Law Addresses Misclassification of Security Officers as Independent Contractors


The issue of employers classifying security officer and protective agents as “independent contractors” continues to be on ongoing problem in California and is, generally speaking, illegal.

To see an article about California State Licensing Requirements click here:

California Security Officer Licensing Requirements

Despite this many employers do this to avoid overtime, payroll taxes and workers compensations premiums and many security & protective personnel, desperate for income or just trying to “break into” the field, accept these positions despite the risks. Some of these employers are based in California but many are based outside California and operate intermittently within the State. Since California offers no “grace period”, any security work done must be conducted by employees of a State licensed company and not by independent contractors.

This law will hopefully encourage some unscrupulous employers to change their illegal practices in the hiring of security & protective personnel and help level the playing field for businesses following the letter of the law.


On October 9, 2011, California Governor Jerry Brown signed into law Senate Bill 459, the “Worker Classification Bill,” regarding independent contractors. The law significantly increases the risks and penalties for misclassifying workers as independent contractors by imposing substantial penalties on employers found to have engaged in misclassification, as well as on advisors (other than attorneys) who advise an employer to engage in such treatment. The new law also includes what many have characterized as a “Scarlet Letter” provision that will require the offending employer to make a public confession of its unlawful behavior.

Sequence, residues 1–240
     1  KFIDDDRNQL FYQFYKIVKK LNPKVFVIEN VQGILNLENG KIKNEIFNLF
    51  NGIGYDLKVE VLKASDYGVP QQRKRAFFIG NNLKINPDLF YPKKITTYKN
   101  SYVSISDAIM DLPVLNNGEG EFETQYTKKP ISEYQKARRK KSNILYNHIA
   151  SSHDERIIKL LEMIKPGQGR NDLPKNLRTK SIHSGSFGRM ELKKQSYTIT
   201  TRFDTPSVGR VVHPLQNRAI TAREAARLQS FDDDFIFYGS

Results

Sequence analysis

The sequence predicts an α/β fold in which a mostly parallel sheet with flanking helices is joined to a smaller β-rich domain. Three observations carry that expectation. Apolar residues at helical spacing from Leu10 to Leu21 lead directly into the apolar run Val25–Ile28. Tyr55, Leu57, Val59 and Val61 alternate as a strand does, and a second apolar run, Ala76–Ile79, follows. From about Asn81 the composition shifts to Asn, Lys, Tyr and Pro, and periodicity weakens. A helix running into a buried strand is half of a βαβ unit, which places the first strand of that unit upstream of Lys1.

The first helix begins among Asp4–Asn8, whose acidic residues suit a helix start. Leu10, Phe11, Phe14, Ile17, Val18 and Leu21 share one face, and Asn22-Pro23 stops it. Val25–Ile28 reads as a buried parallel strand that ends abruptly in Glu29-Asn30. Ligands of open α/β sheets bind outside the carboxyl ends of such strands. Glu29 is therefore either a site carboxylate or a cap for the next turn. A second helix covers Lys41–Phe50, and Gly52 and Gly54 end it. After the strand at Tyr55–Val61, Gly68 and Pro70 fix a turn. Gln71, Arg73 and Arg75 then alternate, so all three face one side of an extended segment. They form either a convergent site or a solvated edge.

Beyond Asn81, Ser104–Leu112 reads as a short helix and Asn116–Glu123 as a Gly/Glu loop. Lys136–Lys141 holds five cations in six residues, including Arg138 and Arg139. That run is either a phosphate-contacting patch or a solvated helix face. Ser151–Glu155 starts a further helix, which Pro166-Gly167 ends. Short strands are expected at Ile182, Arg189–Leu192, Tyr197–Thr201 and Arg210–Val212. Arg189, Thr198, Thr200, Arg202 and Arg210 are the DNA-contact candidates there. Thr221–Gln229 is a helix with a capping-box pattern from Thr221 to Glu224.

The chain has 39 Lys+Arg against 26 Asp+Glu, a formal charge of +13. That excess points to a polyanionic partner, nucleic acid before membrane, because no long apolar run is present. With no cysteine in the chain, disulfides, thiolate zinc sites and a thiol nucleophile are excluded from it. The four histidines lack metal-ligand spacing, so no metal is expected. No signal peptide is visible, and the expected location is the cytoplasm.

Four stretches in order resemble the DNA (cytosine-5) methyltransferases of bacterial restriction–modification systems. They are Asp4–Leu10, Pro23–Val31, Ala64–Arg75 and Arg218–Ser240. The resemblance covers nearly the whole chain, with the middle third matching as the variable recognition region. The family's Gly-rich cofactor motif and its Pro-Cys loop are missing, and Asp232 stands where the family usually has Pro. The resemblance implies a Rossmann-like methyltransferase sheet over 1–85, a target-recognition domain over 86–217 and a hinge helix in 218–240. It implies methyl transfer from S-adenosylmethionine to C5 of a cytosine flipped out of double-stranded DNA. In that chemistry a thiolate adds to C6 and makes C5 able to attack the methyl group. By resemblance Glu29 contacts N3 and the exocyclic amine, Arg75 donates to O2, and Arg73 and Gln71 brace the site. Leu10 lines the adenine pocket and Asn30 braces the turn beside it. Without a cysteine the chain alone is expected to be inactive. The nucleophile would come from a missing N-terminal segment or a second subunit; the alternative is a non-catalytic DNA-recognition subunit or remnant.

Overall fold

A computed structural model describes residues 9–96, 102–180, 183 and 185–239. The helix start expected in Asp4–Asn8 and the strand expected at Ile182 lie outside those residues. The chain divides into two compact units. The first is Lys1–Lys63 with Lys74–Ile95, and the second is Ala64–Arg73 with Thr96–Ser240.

The new law, which was authored by Senate Majority Leader Ellen Corbett, a Democrat from Alameda County, applies to “willful misclassification” of a worker as an independent contractor. The law states:

“Willful misclassification" means avoiding employee status for an individual by voluntarily and knowingly misclassifying that individual as an independent contractor.

The law provides no standards for what is “voluntary and knowing.” Since an employer is presumably aware when it engages an individual as an independent contractor rather than as an employee, the above definition provides little defensive assistance to an employer. Even in the unlikely event that an employer does not have actual knowledge of the treatment, the “knowing” standard would likely be interpreted to include constructive knowledge, which, in turn, includes what the employer “should have known.”

Violators are subject to civil penalties between $5,000 to $15,000 per violation, in addition to any other penalties or fines permitted by law. Violators who are found to have engaged in a “pattern or practice” of violations are subject to a larger civil penalty of $10,000 to $25,000 for each violation. The law also provides no definition of “pattern or practice,” leading to the possibility that the higher penalties might be assessed where an employer has misclassified more than a single individual.

Employers found to have engaged in any violation must post a prominently displayed notice on the employer’s Internet website advising employees and the general public of its violation. This is the so-called “Scarlet Letter,” a reference to the badge of shame worn by the principal character in Nathaniel Hawthorne’s famed novel. Employers without a website must have the notice “displayed prominently in an area that is accessible to all employees and the general public at each location where a violation occurred.” The notice, which must (i) remain for one year and (ii) be signed by a corporate officer, must state, in essence, the following:

The employer “has committed a serious violation of the law by engaging in the willful misclassification of employees.”